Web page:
# Single Axiom for Modular Ortholattices

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*Summary*. We can eliminate all candidates up through length 19,
and we can eliminate all but 238 candidates of length 21.
A single axiom of length 25 was found.

## Up Through Length 19 (MOL)

The exhaustive search showing that there is no OML single axiom
up through length 19 also shows that there is no MOL
single axiom up through length 19. Consider steps 8 and 9
of the OML case.
- Step 8 uses OML.6. However, OML.6 is also a MOL
so all MOL identities (and possibly some non-MOL identities)
pass step 8.
- Step 9 uses non-OL.B-9, which are non-MOLs.

Therefore, there is no Sheffer stroke single axiom for
MOL of length less than 21.
## Length 21 (MOL)

For the length 21 OML case, we used the two OMLs of size 10 for step 8.
However, one of those OMLs is not a MOL, so we cannot use it here.
If we run the same job as in the OML case, but with
the one MOL of size 10 instead of the two OMLs of size 10,
we get
331 candidates
instead of 58. (In fact, the MOL.10 does not help us.)
By using MACE to look for non-MOL models of those 331 candidates,
we found 14 models, which all turn out to be non-OLs
(interps/non-OL.D-14).
These reduce the number of candidates to
296.

Finally, by using the 9 OMLs that are not MOLs, up through size 16
(interps/non-MOL-OML)
(see Table 1), we can reduce the number of candidates to 238.

If there is a length-21 Sheffer stroke single axiom for MOL,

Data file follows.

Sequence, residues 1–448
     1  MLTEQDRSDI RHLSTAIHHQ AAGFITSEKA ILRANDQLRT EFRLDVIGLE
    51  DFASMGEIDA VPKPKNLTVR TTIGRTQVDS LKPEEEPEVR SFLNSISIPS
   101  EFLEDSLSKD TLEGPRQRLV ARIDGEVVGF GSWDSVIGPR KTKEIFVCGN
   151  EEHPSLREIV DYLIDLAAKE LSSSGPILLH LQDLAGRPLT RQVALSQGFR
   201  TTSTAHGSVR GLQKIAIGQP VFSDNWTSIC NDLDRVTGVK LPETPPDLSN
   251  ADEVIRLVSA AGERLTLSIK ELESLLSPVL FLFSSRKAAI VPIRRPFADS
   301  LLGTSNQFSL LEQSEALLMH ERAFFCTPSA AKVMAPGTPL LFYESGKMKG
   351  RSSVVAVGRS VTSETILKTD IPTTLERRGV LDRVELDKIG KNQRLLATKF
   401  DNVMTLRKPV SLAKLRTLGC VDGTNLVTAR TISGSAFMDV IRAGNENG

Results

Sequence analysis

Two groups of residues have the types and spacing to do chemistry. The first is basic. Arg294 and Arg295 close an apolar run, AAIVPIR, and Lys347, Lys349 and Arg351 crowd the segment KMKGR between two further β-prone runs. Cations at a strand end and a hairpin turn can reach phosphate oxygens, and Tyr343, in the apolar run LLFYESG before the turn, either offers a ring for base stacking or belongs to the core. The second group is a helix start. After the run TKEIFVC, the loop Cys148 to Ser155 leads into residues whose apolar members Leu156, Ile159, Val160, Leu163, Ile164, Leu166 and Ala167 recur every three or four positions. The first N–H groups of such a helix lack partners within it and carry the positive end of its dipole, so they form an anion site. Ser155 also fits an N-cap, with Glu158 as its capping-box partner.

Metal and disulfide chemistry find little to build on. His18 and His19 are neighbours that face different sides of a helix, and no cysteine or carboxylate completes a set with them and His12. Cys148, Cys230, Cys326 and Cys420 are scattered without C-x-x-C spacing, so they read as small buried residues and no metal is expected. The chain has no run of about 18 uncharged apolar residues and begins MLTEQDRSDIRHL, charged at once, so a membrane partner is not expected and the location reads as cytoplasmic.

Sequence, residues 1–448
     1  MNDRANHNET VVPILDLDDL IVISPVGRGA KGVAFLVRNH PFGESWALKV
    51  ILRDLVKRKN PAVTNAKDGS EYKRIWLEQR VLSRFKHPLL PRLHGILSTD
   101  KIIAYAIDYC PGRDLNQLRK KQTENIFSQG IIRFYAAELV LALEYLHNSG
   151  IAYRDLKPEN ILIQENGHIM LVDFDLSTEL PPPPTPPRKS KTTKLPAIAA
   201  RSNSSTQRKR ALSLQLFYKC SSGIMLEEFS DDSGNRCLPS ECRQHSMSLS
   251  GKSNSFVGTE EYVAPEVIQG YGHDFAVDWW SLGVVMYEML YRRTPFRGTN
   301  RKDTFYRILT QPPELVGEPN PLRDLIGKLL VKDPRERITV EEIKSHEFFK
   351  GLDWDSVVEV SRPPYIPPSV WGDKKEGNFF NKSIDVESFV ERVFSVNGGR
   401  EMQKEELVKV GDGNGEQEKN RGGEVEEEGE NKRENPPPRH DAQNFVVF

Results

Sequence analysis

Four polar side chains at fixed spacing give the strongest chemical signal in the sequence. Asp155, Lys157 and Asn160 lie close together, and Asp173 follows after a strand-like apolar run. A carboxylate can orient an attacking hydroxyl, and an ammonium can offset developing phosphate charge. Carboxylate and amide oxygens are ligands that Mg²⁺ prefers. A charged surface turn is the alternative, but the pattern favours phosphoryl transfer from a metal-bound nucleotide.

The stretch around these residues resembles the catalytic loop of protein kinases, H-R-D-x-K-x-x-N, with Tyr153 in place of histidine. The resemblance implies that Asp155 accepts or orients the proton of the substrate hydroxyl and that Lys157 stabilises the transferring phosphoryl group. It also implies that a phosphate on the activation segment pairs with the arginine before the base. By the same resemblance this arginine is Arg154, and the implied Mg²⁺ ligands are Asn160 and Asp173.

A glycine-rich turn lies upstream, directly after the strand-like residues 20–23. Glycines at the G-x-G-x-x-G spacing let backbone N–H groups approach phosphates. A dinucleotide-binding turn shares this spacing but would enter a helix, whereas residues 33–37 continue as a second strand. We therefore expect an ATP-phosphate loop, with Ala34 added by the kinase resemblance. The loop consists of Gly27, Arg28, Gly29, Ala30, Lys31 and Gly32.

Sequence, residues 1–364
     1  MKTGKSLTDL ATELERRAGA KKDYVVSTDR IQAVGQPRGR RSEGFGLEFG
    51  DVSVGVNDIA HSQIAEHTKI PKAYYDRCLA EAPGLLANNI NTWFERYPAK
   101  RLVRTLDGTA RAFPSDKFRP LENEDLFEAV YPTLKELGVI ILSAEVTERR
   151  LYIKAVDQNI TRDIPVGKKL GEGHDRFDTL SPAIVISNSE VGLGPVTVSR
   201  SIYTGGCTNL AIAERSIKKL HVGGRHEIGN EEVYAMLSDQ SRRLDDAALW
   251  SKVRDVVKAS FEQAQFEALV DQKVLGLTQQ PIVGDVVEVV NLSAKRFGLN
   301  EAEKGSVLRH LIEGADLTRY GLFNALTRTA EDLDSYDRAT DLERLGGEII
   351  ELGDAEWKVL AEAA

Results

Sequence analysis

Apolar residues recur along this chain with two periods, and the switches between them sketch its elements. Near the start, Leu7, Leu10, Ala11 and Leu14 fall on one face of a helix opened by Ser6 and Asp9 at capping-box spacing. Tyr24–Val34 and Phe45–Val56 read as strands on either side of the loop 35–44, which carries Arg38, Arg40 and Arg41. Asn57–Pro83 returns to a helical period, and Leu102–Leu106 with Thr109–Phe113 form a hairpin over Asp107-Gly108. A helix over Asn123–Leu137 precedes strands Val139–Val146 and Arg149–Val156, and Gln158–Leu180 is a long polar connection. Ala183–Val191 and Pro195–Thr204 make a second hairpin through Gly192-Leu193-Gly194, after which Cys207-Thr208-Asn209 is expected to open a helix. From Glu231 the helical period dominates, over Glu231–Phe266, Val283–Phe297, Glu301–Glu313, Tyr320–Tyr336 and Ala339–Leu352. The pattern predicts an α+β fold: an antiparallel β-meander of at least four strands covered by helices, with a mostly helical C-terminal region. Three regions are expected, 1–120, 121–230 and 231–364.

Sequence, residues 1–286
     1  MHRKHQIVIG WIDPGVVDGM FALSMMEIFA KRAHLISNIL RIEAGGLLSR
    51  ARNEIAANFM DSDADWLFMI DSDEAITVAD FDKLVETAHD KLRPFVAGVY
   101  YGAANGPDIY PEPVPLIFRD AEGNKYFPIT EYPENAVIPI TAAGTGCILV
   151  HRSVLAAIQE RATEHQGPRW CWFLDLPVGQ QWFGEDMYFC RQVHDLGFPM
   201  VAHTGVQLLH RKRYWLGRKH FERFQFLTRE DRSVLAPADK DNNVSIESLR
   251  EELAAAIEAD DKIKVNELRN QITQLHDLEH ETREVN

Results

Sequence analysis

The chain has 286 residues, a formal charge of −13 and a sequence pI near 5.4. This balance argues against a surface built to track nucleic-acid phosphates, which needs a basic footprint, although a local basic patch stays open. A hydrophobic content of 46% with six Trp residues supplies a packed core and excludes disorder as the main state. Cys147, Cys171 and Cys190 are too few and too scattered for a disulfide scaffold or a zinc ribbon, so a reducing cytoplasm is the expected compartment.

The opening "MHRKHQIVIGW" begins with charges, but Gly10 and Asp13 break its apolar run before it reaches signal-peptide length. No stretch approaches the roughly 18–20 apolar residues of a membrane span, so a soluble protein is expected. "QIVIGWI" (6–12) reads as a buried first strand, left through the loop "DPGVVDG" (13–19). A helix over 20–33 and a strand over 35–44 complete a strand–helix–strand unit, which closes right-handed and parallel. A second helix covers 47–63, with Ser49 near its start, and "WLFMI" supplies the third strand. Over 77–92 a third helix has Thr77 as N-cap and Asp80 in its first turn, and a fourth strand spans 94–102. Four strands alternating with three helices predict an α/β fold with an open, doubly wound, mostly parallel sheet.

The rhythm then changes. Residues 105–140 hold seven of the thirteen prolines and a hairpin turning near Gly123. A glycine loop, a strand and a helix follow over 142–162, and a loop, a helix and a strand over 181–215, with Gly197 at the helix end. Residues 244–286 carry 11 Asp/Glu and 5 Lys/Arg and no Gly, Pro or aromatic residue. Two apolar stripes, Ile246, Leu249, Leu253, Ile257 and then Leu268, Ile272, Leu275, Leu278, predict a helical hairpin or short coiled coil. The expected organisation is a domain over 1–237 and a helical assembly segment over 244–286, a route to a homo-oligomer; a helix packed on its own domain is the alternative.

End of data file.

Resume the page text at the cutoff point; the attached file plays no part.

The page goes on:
it is among these
238 candidates.
Although in general step 8 is unsound, in this case all of the candidates turn
out to be MOL identities
(enumerate/MOL/21/sound/238-denials.out)

## Lengths 23, 25, 27 (MOL)

For length 23, we generated and filtered all equations satisfying
properties 1-7 (which took a few days of computing), but we could not prove
any of them to be single axioms. For longer equations, we had
to be selective in generating equations because there are so many.
Table 2 lists five
jobs with the number of variables and the associations that were
considered. The notation f(m,n) means that we looked at
candidates f(t1,t2)=x, where length(t1)=m and length(t2)=n.

Table 2: MOL search
Job | Length | Variables | Associations |

23 | 23 | all | all |

25A | 25 | 3,4 | all |

25B | 25 | 5 | all |

27A | 27 | 4 | f(11,13) |

27B | 27 | 4 | f(9,15) |

The first MOL single axioms we found have length 27.
Several months later we proved that the following candidate
of length 25 is a single axiom.

f(f(y,x),f(f(f(x,x),z),f(f(f(f(f(x,y),z),z),x),f(x,u)))) = x. % MOL-Sh

## Completeness Proof (MOL)

Here is a (very long) proof, starting with `MOL-Sh`, and deriving
the MOL Sheffer 4-basis. This job uses hints to guide Otter directly to
a forward, demodulation-free proof.
otter < MOL-Sh.in > MOL-Sh.out

Here is a 2-part proof of the same theorem. The first part proves f(x,f(x,x)) = f(f(y,y),y)
which allows us to introduce a constant f(x,f(x,x)) = f(f(y,y),y) = 1, which simplifies the
second part. The number of steps is about the same, but the equations are much shorter.
otter < MOL-Sh-part1.in > MOL-Sh-part1.out
otter < MOL-Sh-part2.in > MOL-Sh-part2.out

## Soundness Proofs (MOL)

We give a soundness proof, that is, a proof that MOL-Sh
can be derived from the Sheffer MOL 4-basis.
otter < MOL-Sh-sound.in > MOL-Sh-sound.out